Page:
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How I Wrote about My Mother within the Context of Her Own Skin (Part 2 of 2)
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Sometimes the best way to discover yourself is by taking a closer look at those around you. --Aberjhani
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Matriarch Mrs. WillieMae Griffin Lloyd in her well-earned crown of gold. (photo by Wallace E. Lloyd, Sr.)

Thank you Readers for visiting, and thank you Red Room Editors for shining a spotlight on part 1 of this blog . For part two, please continue:

 

 

Understanding was not my goal the second time I wrote about my mother. My aim at that time was relief from the horrendous experience of waking in the middle of the night to discover her struggling against the pull of a diabetic coma due to low blood sugar, then zooming off in an ambulance to the hospital, and later returning home to the realization that life had just kicked me in the ass with a sized-forty boot when I least expected it.

I was hardly the first writer to turn to his or her journal for instant therapy but what I could not have consciously foreseen was the furious scribble of my journal notes evolving into an essay, and that essay ending up in the pages of ESSENCE Magazine with the title This Mother's Son. The shock and agony that produced the essay now seems a strange contrast to the blessing that followed (courtesy of then editor-in-chief Susan L. Taylor) in the form of publication in a major magazine. The event itself forced me take a three-month leave of absence from my job as a bookstore manager and provided what my father used to call "a notice from God," informing me of the ways of things to come for the next ten years.

If the poem Return to Savannah had helped me come to terms with my mother as an individual in her own right, the essay This Mother's Son forced me to examine the dynamics of my relationship with that same extraordinary individual just as the hardcore realities of becoming a caregiver began to grow even harder. It also made me look at that self-contained community we called our family, and at my particular place within it. Like any number of writers who polish off the binocular lens of their hindsight and dare to examine their past without blinking or turning away, I sometimes hated what I saw. Like any number of writers who dare to sift through the slush of days long gone for events and meanings capable of clarifying issues in the here and now, I had to make some hard choices regarding which jewels of memory to share and which to leave tucked away in the past. The fact that some were far less splendid than others did not automatically disqualify them from inclusion in the larger story but neither did their lesser attractiveness qualify them to dominate it.

This process of making hard choices empowered me with a balanced perspective that would serve me well when writing the next essay about my mother:  Journey through ‘Universes Beyond the Invisible'. You probably can tell from the title that it is the story of my mother's passing. What the title does not reveal is that as my mother lay dying I often read to her from the book referred to in my title, a volume of poetry and photography by Joseph R. Sherman and Alexandra Oliveira, the creative duo known collectively as OneLight . The voices of these gifted writers became, for me, such an integral part of my mother's transitional process that they also formed an essential aspect of the character of the essay. Their exquisite language devised to map the fluctuating states of physical and spiritual being informed my own to such a point that possibly I was inspired to express at least as much awe and enchantment as I was grief or defeat in my elegiac prose.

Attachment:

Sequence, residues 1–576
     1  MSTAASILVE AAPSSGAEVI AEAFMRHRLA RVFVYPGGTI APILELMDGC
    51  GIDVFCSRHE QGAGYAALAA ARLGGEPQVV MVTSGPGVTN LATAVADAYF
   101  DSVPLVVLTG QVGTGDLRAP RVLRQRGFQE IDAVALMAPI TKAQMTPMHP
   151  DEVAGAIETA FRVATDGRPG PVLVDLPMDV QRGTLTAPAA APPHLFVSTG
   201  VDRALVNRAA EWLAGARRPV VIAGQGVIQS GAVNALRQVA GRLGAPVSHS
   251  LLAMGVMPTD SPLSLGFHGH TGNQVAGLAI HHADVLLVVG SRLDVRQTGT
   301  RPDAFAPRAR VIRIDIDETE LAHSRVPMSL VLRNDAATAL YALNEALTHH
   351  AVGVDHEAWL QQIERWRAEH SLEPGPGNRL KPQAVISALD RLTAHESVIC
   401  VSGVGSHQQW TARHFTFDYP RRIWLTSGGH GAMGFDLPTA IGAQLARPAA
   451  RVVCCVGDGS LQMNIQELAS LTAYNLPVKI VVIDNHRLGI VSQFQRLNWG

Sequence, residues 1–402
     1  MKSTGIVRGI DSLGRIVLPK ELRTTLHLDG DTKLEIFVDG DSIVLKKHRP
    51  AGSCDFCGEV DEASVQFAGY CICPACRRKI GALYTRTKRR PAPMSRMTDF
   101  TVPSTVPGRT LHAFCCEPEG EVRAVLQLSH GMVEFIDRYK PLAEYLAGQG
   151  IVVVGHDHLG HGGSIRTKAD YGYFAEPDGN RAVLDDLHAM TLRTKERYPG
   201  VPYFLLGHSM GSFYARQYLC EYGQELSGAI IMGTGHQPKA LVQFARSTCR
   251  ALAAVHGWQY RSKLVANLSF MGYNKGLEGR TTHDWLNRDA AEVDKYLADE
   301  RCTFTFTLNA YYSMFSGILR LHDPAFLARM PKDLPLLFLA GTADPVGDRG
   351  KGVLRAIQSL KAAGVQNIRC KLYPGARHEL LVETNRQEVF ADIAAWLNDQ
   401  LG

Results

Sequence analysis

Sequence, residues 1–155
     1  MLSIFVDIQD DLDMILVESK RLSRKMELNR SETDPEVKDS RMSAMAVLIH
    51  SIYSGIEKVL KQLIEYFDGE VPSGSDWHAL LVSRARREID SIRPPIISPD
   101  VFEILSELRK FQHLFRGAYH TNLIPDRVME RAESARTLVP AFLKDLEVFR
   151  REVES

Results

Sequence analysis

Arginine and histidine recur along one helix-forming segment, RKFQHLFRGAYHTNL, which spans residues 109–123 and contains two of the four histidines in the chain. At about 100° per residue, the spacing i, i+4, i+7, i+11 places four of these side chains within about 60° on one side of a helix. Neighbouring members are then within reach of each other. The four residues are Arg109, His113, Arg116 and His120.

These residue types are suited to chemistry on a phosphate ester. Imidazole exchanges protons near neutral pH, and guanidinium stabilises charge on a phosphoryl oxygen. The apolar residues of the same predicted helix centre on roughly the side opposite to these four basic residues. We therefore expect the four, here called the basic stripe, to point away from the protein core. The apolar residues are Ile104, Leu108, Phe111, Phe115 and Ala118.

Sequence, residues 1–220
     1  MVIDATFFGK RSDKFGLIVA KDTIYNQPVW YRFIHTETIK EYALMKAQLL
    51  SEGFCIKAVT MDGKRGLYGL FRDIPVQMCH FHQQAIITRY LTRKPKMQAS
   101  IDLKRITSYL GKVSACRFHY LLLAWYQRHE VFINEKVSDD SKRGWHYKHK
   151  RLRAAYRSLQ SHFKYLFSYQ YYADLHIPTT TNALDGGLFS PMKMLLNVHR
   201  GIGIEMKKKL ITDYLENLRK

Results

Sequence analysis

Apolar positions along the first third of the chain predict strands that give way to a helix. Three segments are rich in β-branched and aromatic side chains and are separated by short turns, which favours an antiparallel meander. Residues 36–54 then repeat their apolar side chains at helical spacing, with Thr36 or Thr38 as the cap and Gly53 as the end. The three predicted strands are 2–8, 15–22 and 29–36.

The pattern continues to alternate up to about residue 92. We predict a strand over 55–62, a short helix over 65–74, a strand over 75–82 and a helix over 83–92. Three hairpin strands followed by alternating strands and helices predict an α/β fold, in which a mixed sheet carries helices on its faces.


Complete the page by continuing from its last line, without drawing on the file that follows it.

During her final week, I spent each night with my mother at the nursing home. In the late-night early-morning "wee small hours," I experienced the kind of shamanic consciousness  that generates an enhanced sense of life and death moving back and forth between worlds. It forced me to again re-examine WillieMae Griffin Lloyd's existence within the context of her own skin.

I had already accepted the qualities of epic adventure reflected in her story and now began to see the even more expansive mythic aspects that included so much more than a single poem or essay could ever contain. Just as I started to wonder how one might capture the larger scope of her life, I realized that while many of the essays I had written since returning to my hometown had not focused on her specifically, many nevertheless demonstrated the deeper meanings of who and what she was precisely because they illustrated the broader cultural, spiritual, and political landscape that framed her being. Thus was born the book, The American Poet Who Went Home Again subtitled "a mosaic of my soul at work," with its puzzle-piece snapshots of an author, one very exceptional woman, their lives, and their times.

To paraphrase and contradict a popular quote: Beauty is not always truth, and truth is certainly not always beautiful. But when writing about our mothers we may be more inclined to look for and champion the beautiful. It is, after all, through the discovery of that which is most worthy within our parents, or within fellow human beings in general, that we often discover that which is most worthy and beautiful within ourselves.

 

 by Aberjhani